Beyond the Mouth: A Closer Look at Oral Hygiene

Oral HygieneDentists go on about the importance of oral hygiene, but this piece of fact cannot be stated enough. Oral health consequences not only affect the mouth but also create a chain reaction that impacts the entire body. They also affect the efficacy of dental treatments.

Without good oral hygiene, many dental procedures have a decreased life span, explain The Priory Dental Practice, whose dentist in Aldridge is a passionate advocate of a clean mouth. In some cases, dentists cannot perform the procedure at all.

Here’s a closer look at oral hygiene and how it makes or breaks you:

A deadly habit

Let’s say you skipped brushing for a fortnight. It seems innocuous enough – for now. But it may easily turn into a habit, and one night becomes two weeks. One obvious consequence is tooth decay; another one that is less apparent is increased risk of heart disease and diabetes. Gum disease, an effect of bacterial build-up in the mouth, is linked to systemic diseases. One word: inflammation.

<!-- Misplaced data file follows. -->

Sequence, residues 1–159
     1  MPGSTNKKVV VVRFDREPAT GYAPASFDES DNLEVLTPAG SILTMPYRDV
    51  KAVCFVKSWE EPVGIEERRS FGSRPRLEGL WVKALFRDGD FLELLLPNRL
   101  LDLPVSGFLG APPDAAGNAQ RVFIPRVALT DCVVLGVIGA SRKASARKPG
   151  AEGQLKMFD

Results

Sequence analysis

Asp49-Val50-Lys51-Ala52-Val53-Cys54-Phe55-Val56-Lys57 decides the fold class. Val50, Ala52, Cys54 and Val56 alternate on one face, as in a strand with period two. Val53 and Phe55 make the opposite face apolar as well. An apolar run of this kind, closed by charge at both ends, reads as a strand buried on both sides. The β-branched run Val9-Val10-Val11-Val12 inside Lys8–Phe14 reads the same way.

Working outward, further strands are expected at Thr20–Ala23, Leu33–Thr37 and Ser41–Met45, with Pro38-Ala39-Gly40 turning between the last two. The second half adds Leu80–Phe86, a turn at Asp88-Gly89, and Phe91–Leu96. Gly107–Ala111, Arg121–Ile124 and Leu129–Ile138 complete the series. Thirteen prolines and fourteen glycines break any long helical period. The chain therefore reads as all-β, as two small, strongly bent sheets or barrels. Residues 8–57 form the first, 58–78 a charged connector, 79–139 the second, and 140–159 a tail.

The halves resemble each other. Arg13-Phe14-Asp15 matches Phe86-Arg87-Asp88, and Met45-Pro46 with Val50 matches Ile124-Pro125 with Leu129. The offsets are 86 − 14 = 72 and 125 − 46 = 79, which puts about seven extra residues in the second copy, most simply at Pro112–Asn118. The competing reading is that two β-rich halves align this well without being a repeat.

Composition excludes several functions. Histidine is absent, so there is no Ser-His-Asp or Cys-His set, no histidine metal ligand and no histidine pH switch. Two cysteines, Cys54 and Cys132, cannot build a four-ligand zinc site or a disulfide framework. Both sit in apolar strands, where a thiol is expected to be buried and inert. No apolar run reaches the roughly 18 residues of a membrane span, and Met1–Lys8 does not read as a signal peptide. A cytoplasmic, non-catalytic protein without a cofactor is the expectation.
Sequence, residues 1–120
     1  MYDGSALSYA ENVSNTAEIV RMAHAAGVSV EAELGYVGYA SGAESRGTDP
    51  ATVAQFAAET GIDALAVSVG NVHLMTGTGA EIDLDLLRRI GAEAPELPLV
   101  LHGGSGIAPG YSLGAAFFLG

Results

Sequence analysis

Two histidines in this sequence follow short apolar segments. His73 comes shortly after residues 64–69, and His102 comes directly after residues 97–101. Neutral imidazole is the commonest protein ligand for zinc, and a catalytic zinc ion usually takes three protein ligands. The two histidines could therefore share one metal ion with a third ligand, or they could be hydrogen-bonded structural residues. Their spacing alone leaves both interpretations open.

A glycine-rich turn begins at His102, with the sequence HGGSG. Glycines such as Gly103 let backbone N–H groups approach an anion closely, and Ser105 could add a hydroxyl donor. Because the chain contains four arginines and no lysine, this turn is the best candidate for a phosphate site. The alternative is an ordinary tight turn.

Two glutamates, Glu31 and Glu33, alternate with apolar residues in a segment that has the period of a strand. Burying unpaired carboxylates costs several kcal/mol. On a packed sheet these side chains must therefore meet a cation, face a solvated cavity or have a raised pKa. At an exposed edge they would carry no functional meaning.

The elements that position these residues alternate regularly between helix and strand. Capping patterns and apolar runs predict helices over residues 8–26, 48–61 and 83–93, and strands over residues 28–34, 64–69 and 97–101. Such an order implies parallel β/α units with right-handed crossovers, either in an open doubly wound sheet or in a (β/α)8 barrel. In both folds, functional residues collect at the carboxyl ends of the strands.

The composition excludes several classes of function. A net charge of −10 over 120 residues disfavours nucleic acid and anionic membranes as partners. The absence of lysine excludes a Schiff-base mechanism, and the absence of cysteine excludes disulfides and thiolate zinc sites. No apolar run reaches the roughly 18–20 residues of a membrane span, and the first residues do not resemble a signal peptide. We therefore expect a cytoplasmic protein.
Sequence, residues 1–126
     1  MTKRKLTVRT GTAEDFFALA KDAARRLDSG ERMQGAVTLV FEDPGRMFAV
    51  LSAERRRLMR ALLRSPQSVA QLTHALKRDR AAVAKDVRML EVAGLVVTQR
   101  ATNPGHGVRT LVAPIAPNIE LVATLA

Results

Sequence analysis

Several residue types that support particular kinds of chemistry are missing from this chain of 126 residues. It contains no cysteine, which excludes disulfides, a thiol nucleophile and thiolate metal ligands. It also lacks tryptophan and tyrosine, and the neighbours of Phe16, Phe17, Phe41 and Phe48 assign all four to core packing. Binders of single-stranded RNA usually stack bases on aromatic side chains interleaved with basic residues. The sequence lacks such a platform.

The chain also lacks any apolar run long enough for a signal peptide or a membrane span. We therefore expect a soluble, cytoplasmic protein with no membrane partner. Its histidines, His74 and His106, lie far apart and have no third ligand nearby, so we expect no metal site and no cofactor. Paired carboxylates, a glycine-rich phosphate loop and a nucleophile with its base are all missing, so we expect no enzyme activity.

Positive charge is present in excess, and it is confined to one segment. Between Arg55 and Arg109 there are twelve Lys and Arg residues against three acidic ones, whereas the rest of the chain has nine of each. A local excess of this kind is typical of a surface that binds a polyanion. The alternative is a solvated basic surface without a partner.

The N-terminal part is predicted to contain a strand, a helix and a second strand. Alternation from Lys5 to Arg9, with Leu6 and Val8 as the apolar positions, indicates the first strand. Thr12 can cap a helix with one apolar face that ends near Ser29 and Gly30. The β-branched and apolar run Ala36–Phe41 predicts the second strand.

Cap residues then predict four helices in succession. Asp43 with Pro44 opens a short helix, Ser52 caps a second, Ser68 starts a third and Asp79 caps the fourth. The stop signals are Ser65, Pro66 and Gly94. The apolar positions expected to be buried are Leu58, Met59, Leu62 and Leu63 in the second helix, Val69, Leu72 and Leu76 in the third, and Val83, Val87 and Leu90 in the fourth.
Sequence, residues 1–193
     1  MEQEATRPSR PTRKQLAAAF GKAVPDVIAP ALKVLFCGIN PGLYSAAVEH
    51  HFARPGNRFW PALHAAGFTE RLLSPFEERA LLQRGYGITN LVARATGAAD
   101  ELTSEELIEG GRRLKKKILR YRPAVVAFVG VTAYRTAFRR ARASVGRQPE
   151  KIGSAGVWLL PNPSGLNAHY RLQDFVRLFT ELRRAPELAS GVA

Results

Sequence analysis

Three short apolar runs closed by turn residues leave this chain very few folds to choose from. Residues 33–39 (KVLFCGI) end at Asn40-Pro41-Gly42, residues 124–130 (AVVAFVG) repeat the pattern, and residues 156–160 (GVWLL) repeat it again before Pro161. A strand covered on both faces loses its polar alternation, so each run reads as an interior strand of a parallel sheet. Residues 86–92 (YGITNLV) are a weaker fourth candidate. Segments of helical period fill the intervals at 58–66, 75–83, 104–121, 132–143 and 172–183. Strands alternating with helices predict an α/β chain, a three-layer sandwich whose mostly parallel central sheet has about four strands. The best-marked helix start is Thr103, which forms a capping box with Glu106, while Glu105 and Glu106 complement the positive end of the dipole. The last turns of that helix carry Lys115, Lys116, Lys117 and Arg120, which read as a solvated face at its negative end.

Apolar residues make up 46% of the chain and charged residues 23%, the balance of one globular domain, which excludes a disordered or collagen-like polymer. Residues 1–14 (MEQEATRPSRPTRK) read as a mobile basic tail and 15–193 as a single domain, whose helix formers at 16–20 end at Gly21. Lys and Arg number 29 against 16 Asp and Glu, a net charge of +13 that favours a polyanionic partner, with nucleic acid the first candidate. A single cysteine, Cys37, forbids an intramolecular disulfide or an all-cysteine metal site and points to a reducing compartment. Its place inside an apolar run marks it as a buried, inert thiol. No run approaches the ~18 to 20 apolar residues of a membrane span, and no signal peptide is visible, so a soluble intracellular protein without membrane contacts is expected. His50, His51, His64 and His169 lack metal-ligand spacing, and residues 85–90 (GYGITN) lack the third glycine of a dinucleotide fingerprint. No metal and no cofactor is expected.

The body’s reaction to infection

The immune system weakens when the soldiers, the white blood cells, do not function well. A gum infection causes your white blood cells to work inefficiently as they attack a detected invader. This is because your entire body is undergoing a system infection, otherwise known as inflammation. Poor oral hygiene only exacerbates gum disease until it reaches its final, most severe stage.

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This is very bad news for your body. Responding to temporary infection is a healthy reaction, but frequently subjecting the body to chronic inflammation may set off our immune system into a harmful overdrive that in turn affects different organs and the circulatory system.

Linkage with other diseases

Leaving gum disease to develop introduces you to a lifetime of irreversible damage. Often, chronic inflammation is associated with diseases such as Type 2 diabetes, stroke, heart disease, Alzheimer’s and even cancer. Proper hygiene reduces risk of chronic inflammation, and thus the risk of these deadly illnesses.

There is no going around the rule: taking care of your teeth and gums is one of the most important investments you can make.

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